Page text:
locus leads to cardiovascular defects (14
) bearing striking similarity to the embryonic abnormality observed in the BMK1-deficient mutant. The fact that activated MEF2C can partially rescue EC apoptosis caused by BMK1 removal further supports the concept that the BMK1 pathway relays its antiapoptotic signal within ECs through activating its downstream target MEF2C. The partial rescue of EC apoptosis suggests, however, that other mechanisms might also be involved, such as BMK1-dependent phosphorylation of Bcl2 antagonist of cell death (Bad), which was most recently described by Berk’s lab (57
The malfunction of both ECs and myocardiac cells has been suspected to play a part for the cardiovascular defects observed in BMK1-KO mutants (11
). These complex phenotypes of the conventional BMK1-KO mutant lead to fatalities in embryos, making it difficult to distinguish them from primary to secondary phenomena. We have circumvented this dilemma by generating mice with BMK1 ablation specifically in endothelium or in cardiac myocytes. EC-specific BMK1-KO mutant reproduced the cardiovascular defect of BMK1-KO mice, while cardiomyocyte-specific BMK1 KO mice developed normally and survived for more than 1 year without any cardiac complication. These results strongly suggest that BMK1 is essential for the function of ECs and the cardiac defects observed in conventional BMK1-KO mice is a secondary event resulting from dysfunctional ECs. Although BMK1-cmKO mice appear to be normal, suggesting that the BMK1 pathway is not critical for development and general maintenance of cardiomyocytes, a number of studies have shown that the BMK1 pathway plays a role in various pathogenic processes of cardiac disease involving cardiomyocyte (58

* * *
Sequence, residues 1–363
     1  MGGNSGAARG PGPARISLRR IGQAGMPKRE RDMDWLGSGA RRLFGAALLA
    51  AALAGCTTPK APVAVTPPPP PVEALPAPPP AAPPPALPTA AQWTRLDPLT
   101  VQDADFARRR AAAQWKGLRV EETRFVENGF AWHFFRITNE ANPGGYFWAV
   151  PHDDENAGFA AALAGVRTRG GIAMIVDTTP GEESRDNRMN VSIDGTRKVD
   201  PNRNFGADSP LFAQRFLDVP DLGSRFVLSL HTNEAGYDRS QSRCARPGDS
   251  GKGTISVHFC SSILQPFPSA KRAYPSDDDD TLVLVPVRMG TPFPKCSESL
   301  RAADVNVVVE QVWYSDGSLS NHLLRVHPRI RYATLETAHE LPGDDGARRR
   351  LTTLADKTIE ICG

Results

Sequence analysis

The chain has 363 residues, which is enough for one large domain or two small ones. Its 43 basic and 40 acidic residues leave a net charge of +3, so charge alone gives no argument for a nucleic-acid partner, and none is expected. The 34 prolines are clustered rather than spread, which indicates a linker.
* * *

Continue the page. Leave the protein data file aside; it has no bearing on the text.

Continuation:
). Currently, we are evaluating the function of BMK1 in cardiomyocytes under stressed conditions using BMK1-cmKO mice.
In conclusion, we have shown that conditional ablation of BMK1 in adult mice results in defects of vascular integrity and endothelial maintenance. Moreover, we have also demonstrated in vitro that an intact signaling pathway in BMK1 is essential for EC survival. The phenotype observed here is of particular interest since, thus far, no genetic model with “endothelial failure” in the adult stage has been demonstrated. Moreover, the role for endothelial apoptosis as a mechanism for the effect of BMK1 inhibition in ECs may facilitate the design of effective therapy to enhance angiogenesis in diseases of tissue ischemia or inhibit angiogenesis in diseases dependent on neovascularization.